I have no family nearby, my friends are just as much his friends, and he’s a lot more influential than I am. I could storm off and go to stay with Dwayne and Lauren. I know she’ll help me, but she’s only around the corner. That would be silly. What’s left? Hotels? Then what?

Maybe I should go back to work. Except I have no skills. When I met him, I worked for an accounting firm. Behind the reception desk.

We met in the elevator. He was carrying a small square case, like a miniature suitcase, on wheels. It made me laugh,

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  • (4/5)
    I enjoyed the writing style as well s the story. It moved at a decent speed I am a fast reader so well done
  • (5/5)
    I loved it. Natalie writes in such a captivating and yet relatable way that makes the story vivid and engrossing.
  • (5/5)
    I couldn’t put it down! Spellbinding. Many twists and surprises.
  • (4/5)
    This author doesn’t write bad books. Money,a blended family, secrets and lies drive this story. Who to believe, everyone is lieiing about something.
  • (2/5)
    Very predictable. I wish any of it had been a surprise.
  • (5/5)
    Natalie Barelli has crafted a lovely tale of revenge in The Loyal Wife. Or has she? Tamra Mitchell's husband is cheating. Again. He really should know better, because the last time did not end well. Tamra knows this better than he does, and she has kept all his dirty secrets. But as she rushes headfirst into her plans to ruin her husband and see him punished for his wrongs, she should be watching her back. Because Tamra has an enemy. And what she thinks is real is not real at all.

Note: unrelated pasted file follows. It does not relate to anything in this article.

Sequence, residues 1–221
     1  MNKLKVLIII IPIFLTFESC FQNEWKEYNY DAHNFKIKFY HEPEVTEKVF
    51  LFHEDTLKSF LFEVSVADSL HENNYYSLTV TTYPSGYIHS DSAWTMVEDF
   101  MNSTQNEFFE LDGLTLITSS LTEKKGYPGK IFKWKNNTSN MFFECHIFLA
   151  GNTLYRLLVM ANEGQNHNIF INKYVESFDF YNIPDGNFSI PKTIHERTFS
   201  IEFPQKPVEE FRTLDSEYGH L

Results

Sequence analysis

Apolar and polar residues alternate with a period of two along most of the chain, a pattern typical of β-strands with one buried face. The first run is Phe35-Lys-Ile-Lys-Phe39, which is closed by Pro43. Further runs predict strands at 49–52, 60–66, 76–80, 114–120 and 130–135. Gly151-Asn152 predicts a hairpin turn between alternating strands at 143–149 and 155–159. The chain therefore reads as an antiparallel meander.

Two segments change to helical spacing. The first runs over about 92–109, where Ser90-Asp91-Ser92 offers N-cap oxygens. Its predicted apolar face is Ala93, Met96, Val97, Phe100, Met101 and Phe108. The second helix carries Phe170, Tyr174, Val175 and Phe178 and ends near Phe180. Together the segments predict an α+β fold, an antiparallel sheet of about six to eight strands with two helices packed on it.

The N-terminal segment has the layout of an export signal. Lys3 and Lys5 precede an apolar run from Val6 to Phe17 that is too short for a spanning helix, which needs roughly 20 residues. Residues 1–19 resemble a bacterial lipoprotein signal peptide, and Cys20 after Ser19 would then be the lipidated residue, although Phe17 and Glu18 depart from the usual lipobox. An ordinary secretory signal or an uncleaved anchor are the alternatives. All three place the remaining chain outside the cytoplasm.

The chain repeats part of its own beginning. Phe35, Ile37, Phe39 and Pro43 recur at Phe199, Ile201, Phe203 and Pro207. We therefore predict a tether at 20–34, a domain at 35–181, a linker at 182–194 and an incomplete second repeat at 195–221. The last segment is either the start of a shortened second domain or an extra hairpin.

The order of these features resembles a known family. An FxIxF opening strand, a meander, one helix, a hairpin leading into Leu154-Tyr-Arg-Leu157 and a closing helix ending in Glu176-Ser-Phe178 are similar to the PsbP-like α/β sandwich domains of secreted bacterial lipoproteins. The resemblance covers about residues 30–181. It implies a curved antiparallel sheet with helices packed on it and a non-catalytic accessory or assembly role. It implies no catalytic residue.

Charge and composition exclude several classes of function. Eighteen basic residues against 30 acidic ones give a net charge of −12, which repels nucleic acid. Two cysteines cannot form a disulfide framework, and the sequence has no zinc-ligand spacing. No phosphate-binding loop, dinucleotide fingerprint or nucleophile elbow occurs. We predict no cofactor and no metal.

There are many secrets hiding in The Loyal Wife. Some the reader will discern easily, bupt this does not detract from the plot or negate any of the surprises. As the story unwinds, characters that seem unsympathetic shift, and ones a reader may root for show great potential for evil.

    I was deeply offended at first that lying, cheating scumbag was a Conservative politician and supposed man of faith. It makes a great scandal when such a person falls from their pedestal, but in real life we are actually rather boring and not full of secrets that would interest the public. But, as the story resolved, I found myself enjoying the struggle of someone whose image is tarnished for the wrong reasons. And I liked that the story had an unexpected happy ending.

    The Loyal Wife is an excellent foray into psychological suspense and domestic drama. If you are a fan of Natalie Barelli, this one will not disappoint.
  • (4/5)
    Good, quick read. I didn’t think the daughter had all that in her.